AFTER triggers execute the trigger action after the triggering statement is executed.
Using the options listed previously, you can create four types of row and statement triggers:
Before executing the triggering statement, the trigger action is executed.
Before modifying each row affected by the triggering statement and before checking appropriate integrity constraints, the trigger action is executed, provided that the trigger restriction was not violated.
After modifying each row affected by the triggering statement and possibly applying appropriate integrity constraints, the trigger action is executed for the current row provided the trigger restriction was not violated. Unlike
After executing the triggering statement and applying any deferred integrity constraints, the trigger action is executed.
You can have multiple triggers of the same type for the same statement for any given table. For example, you can have two
UPDATE statements on the
EMP table. Multiple triggers of the same type permit modular installation of applications that have triggers on the same tables. Also, Oracle materialized view logs use
You can create as many triggers of the preceding different types as you need for each type of DML statement,
(INSERT, UPDATE, or
For example, suppose you have a table,
SAL, and you want to know when the table is being accessed and the types of queries being issued. The following example contains a sample package and trigger that tracks this information by hour and type of action (for example,
UPDATE, DELETE, or
INSERT) on table
SAL. The global session variable
STAT.ROWCNT is initialized to zero by a
STAT_TAB by the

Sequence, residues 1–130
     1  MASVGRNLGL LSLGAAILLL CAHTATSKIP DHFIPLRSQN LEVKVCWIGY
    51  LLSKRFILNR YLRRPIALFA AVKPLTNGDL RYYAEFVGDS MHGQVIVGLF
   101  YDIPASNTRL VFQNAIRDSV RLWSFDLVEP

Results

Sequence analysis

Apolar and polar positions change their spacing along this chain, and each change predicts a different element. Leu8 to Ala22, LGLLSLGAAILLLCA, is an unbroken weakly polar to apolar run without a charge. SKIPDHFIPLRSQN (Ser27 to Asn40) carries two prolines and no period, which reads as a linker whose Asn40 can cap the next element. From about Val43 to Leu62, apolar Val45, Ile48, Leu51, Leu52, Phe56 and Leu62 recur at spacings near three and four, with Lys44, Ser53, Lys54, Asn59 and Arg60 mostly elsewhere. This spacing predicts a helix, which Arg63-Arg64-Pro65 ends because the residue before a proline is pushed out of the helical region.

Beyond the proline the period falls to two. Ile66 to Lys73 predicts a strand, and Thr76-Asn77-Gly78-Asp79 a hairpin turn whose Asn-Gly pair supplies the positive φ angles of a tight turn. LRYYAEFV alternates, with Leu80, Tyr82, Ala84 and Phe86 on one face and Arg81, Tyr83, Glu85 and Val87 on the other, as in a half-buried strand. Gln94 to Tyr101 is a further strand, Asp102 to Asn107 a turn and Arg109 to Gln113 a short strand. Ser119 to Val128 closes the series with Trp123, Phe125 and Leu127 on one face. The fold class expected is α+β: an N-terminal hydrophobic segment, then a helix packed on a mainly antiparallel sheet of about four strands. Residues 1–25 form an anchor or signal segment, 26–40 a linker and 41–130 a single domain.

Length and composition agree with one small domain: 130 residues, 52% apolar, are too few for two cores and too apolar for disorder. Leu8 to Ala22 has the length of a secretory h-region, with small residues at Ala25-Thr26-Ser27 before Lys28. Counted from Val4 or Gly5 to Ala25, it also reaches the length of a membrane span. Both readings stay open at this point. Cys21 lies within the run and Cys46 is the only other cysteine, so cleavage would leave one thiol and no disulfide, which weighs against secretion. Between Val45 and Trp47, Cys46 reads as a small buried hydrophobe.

DROP TABLE stat_tab; CREATE TABLE stat_tab(utype CHAR(8), rowcnt INTEGER, uhour INTEGER); CREATE OR REPLACE PACKAGE stat IS rowcnt INTEGER; END; / CREATE TRIGGER bt BEFORE UPDATE OR DELETE OR INSERT ON sal BEGIN stat.rowcnt := 0; END; / CREATE TRIGGER rt BEFORE UPDATE OR DELETE OR INSERT ON sal FOR EACH ROW BEGIN stat.rowcnt := stat.rowcnt + 1; END; / CREATE TRIGGER at AFTER UPDATE OR DELETE OR INSERT ON sal DECLARE typ CHAR(8); hour NUMBER; BEGIN IF updating THEN typ := 'update'; END IF; IF deleting THEN typ := 'delete'; END IF; IF inserting THEN typ := 'insert'; END IF; hour := TRUNC((SYSDATE - TRUNC(SYSDATE)) * 24); UPDATE stat_tab SET rowcnt = rowcnt + stat.rowcnt WHERE utype = typ AND uhour = hour; IF SQL%ROWCOUNT = 0 THEN INSERT INTO stat_tab VALUES (typ, stat.rowcnt, hour); END IF; EXCEPTION WHEN dup_val_on_index THEN UPDATE stat_tab SET rowcnt = rowcnt + stat.rowcnt WHERE utype = typ AND uhour = hour; END; /
INSTEAD OF triggers provide a transparent way of modifying views that cannot be modified directly through DML statements
(INSERT, UPDATE, and
INSTEAD OF triggers because, unlike other types of triggers, Oracle fires the trigger instead of executing the triggering statement.
You can write normal
INSERT, UPDATE, and
DELETE statements against the view and the
INSTEAD OF trigger is fired to update the underlying tables appropriately.
INSTEAD OF triggers are activated for each row of the view that gets modified.
Modifying views can have ambiguous results:
Object views present additional problems. For example, a key use of object views is to represent master/detail relationships. This operation inevitably involves joins, but modifying joins is inherently ambiguous.
As a result of these ambiguities, there are many restrictions on which views are modifiable. An